AMD CEO Lisa Su has pinned July as the launch date of the Radeon RX Vega, the Vega-based graphics card aimed squarely at gamers, revealing that it will be released right after the very much more expensive flagship Frontier Edition, which is intended for professionals using heavyweight graphics applications.
Su slipped out the information at the 45th annual JP Morgan Global Technology, Media and Telecom Conference earlier this week, according to WCCFTech.
Su revealed that the company was planning a late-June release date for the Frontier Edition of the company's next-generation graphics card, with the more mainstream Radeon RX Vega coming out afterwards.
The Ryzen 3 has been scheduled for launch around about the same time, as far as we can tell.
The details come a week after the company held one of its regular analyst day events, pulling in a lot of interest for the details it spilt on its server microprocessor and data centre plans with the Zen CPU architecture, as well as details on Vega, its plans for Ryzen in the PC space, and how it plans to shift to 7nm process architectures for its CPU and GPU product line-ups.
The company told the JP Morgan conference that it will be taping out its 7nm products later this year in preparation for the launch of Zen 2 in 2018, and Zen 3 by 2020. Likewise, this year's 14nm Vega GPU microarchitecture will be supplanted as the flagship by its 7nm Navi microarchitecture during 2018.
Su told JP Morgan semiconductor analyst Harlan Sur that she wanted to give investors and customers a "sustainable roadmap" for both CPUs and GPUs, with "multiple leapfrogging generations and teams" so that the company can work on multiple generations at a time.
Su described the PC market as a good, but volatile market, and admitted that AMD had underperformed in recent years due largely to an uncompetitive CPU line-up. "If you look at the market over the last five years, we've had very competitive graphics and integrated graphics, but our CPU was not as competitive as we'd have liked," Su admitted.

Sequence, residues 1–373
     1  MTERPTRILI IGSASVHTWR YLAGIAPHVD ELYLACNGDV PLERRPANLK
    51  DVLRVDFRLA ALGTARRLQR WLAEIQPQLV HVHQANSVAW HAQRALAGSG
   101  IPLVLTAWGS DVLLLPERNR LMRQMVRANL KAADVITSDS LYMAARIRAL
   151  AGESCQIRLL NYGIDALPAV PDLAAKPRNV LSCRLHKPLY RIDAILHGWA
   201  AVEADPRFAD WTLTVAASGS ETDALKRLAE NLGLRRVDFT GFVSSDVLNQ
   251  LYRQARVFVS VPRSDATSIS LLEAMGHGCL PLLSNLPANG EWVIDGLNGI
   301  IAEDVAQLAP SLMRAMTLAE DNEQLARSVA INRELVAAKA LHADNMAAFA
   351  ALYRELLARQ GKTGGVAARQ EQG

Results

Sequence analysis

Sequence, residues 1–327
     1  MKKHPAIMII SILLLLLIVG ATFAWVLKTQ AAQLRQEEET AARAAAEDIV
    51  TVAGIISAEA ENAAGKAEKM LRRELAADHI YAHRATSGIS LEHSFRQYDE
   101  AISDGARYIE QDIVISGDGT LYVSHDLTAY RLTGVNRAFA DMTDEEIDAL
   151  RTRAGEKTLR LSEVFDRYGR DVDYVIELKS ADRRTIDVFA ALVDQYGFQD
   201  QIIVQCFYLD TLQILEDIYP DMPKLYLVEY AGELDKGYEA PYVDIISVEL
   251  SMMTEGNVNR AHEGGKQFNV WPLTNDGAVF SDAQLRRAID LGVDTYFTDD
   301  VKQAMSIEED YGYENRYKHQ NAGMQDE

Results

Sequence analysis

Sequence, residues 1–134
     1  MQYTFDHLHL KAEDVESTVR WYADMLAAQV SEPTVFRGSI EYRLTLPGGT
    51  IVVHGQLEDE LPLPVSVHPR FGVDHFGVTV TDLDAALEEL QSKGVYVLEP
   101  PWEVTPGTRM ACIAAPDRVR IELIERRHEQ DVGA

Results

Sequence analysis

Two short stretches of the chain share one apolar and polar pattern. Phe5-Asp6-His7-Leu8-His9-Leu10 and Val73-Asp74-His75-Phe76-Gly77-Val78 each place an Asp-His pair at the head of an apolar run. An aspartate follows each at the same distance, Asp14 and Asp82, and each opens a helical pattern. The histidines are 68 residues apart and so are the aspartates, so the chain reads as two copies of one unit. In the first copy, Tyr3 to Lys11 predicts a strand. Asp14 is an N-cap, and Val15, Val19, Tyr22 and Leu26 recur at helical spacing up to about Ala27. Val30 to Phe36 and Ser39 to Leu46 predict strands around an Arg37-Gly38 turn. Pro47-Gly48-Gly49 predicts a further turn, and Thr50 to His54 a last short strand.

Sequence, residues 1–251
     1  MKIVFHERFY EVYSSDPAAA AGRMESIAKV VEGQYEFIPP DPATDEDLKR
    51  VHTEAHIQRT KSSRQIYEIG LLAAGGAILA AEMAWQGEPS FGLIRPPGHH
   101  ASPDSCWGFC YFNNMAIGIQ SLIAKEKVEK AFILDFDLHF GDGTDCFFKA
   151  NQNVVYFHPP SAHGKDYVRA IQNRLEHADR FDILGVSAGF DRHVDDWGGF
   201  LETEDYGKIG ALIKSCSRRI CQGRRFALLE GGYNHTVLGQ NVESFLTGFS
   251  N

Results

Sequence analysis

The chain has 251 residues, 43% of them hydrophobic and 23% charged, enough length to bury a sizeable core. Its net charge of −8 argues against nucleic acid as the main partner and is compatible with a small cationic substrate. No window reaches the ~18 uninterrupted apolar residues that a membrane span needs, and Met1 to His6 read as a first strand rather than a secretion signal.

However, Su also hinted that rumours that AMD is planning on launching Ryzen into the laptop market this summer, perhaps at the forthcoming Computex trade show, might be wide of the mark. "As we add Ryzen to the roadmap, to the desktop this year and the notebook next year, we are very optimistic about returning to historical [market] share levels for AMD," she said.
The Asus Ryzen-based laptop, though, may well be a desktop part crammed in to a laptop shell.
Su added that the advantage in terms of foundry technology that Intel has enjoyed over the past ten or 15 years is probably narrower now than it has been for some time, and could become narrower still when AMD shifts to 7nm process architectures.
But Ryzen would in time enable AMD to "play throughout the stack", right up into the data centre, she suggested. Indeed, the company is lining up server microprocessor launches for the summer.
Equinox's Dave Millett explores how phone, mobile and broadband could be affected by a no-deal Brexit
Dust storm on Titan only the third Solar System body where such storms have been observed
New technique could enable quantum computers to scale-up to millions of qubits
Systrom and Krieger taking time off "to explore our curiosity and creativity"